Photo by Jim Small | Arizona Mirror
An attorney for Secretary of State Katie Hobbs urged a federal judge to dismiss a lawsuit seeking to overturn Arizona’s election results that is filled with wild and unsubstantiated allegations of voter fraud — even foreign espionage — which he described as nothing less than an “attack on democracy.”
Justin Nelson, of the Houston law firm Susman Godfrey LLP, said the lawsuit filed by attorney Sidney Powell, a former lawyer for President Donald Trump’s campaign who was fired last month and is now operating independently, should be dismissed on a number of grounds. The claims belong in state court because it’s being challenged under provisions of Arizona law, he said. And Nelson said it should be dismissed because the plaintiffs waited too long to take them to court.
But beyond that, Nelson repeatedly emphasized that the lawsuit is filled with nonsensical and baseless claims, largely from anonymous sources and “expert witnesses” with no real expertise. The allegations are devoid of facts, he said, and come from witnesses with no firsthand knowledge.
And those claims largely have nothing to do with the election in Arizona, he said. The plaintiffs — Trump’s Arizona electors and several county GOP chairmen — presented bizarre allegations that Venezuela, Iran and China rigged the 2020 presidential election through ballot tabulation machines from Dominion Voting Systems, based on a statement from an anonymous witness. Other claims stem from statements attributed to an alleged former military intelligence analyst known as Spider. The plaintiffs also claim hundreds of thousands of illegally cast votes in Arizona based on unverified numbers and alleged “data analysis.”
“They allege an utterly implausible fraud,” Nelson said.
“As other courts have recognized, plaintiffs’ suit is an attack on democracy. Worse, they are using the federal court system in an attempt to undermine the rule of law and obtain breathtaking, startling and unprecedented relief to overturn the will of the people,” Nelson told U.S. District Court Judge Diane Humetewa.
Julia Haller, an attorney with Powell’s firm, tried to persuade Humetewa why the lawsuit should proceed, though the judge at one point had to remind her not to argue the merits of her case and instead explain why it shouldn’t be dismissed.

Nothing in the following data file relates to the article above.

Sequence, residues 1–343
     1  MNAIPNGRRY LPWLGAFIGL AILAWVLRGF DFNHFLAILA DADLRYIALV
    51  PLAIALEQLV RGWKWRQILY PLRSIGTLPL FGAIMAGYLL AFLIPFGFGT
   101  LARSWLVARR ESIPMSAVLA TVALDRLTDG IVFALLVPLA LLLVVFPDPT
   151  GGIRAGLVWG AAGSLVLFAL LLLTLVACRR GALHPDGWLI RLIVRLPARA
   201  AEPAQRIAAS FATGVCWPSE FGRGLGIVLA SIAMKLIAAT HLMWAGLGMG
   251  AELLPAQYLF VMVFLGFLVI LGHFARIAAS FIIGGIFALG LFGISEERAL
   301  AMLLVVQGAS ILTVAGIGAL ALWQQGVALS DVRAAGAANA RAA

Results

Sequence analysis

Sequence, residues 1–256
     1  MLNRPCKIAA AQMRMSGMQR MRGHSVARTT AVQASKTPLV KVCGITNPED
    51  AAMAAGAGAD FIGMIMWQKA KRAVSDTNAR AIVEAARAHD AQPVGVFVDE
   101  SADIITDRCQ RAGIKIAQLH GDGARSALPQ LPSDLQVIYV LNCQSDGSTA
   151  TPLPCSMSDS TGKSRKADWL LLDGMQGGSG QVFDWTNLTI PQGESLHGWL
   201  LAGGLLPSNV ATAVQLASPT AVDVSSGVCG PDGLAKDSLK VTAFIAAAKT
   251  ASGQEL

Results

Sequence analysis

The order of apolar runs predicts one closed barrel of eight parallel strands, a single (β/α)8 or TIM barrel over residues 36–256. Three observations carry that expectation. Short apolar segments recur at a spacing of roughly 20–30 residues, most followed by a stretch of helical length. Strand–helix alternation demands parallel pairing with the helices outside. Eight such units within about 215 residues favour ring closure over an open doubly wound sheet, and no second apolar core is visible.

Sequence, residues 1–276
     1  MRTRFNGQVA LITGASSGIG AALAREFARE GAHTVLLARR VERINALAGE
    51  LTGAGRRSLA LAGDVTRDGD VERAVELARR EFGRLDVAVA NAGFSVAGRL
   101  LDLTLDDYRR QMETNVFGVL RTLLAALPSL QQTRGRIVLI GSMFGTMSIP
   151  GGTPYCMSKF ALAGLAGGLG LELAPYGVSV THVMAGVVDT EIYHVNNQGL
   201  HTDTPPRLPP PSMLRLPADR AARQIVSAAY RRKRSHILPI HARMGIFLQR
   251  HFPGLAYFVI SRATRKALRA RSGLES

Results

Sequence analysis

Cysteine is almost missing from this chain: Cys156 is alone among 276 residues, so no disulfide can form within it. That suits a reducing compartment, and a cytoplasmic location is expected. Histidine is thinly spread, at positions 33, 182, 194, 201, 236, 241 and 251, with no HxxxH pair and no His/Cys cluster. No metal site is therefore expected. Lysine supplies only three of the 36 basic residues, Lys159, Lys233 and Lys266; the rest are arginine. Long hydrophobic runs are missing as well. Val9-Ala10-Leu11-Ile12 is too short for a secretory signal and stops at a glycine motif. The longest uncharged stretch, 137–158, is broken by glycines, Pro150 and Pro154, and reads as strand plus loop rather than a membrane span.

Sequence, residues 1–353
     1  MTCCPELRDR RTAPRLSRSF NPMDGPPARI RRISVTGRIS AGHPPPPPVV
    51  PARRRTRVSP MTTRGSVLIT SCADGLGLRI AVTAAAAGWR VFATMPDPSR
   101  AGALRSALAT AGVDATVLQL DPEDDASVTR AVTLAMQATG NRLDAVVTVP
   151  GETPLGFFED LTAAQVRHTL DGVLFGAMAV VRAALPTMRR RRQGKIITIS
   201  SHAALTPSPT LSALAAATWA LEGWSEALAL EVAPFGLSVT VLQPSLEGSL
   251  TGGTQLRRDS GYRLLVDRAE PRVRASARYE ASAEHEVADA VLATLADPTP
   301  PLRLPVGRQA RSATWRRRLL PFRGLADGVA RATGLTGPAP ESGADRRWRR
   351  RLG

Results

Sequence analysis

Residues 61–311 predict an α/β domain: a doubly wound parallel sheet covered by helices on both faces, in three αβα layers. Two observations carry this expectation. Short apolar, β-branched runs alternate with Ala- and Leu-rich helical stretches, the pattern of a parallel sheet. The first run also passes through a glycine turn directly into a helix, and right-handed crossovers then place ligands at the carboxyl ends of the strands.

“At this juncture I’m just trying to understand why this complaint should survive,” Humetewa said.
Haller disputed the notion that she should have filed her lawsuit in state court instead of U.S. District Court, saying the federal courts have supplemental jurisdiction over such claims, which she brought under federal law. She denied that the plaintiffs took too long in bringing their claims to court, saying they were not yet aware on election night of the kinds of fraud being perpetrated. And she argued that the lawsuit is fundamentally different from a lawsuit by Arizona GOP Chairwoman Kelli Ward, one of the plaintiffs, that a Maricopa County judge recently rejected.
“We are saying Arizona needs to invalidate and take a good look at what happened here, rather than move forward with this certification,” Haller said, referring to the election results that Hobbs and Gov. Doug Ducey, the two defendants named in the lawsuit, certified on Dec. 4.
Haller at times made blatantly incorrect statements about Arizona’s election procedures, describing practices from other states that aren’t used here.
For example, Haller said voting machines from Dominion, Maricopa County’s provider that has become the subject of many baseless conspiracy theories, don’t provide paper ballots showing the actual selections made by voters. She said they print out papers with QR codes instead. That is how Dominion machines in some states, such as Georgia, operate. But in Maricopa County, the only county in Arizona that uses Dominion machines, voters fill out paper ballots, and tabulation machines read the actual selections, with the ballots providing a physical record of the votes.
While describing election integrity as a bipartisan issue, Haller noted that the Democratic-controlled House of Representatives last year passed legislation making it clear that voting machines shouldn’t be connected to the internet, and that states should use paper ballots. Arizona uses paper ballots, and its voting machines aren’t connected to the internet.
Humetewa said she would rule on the motion to dismiss by Wednesday afternoon.
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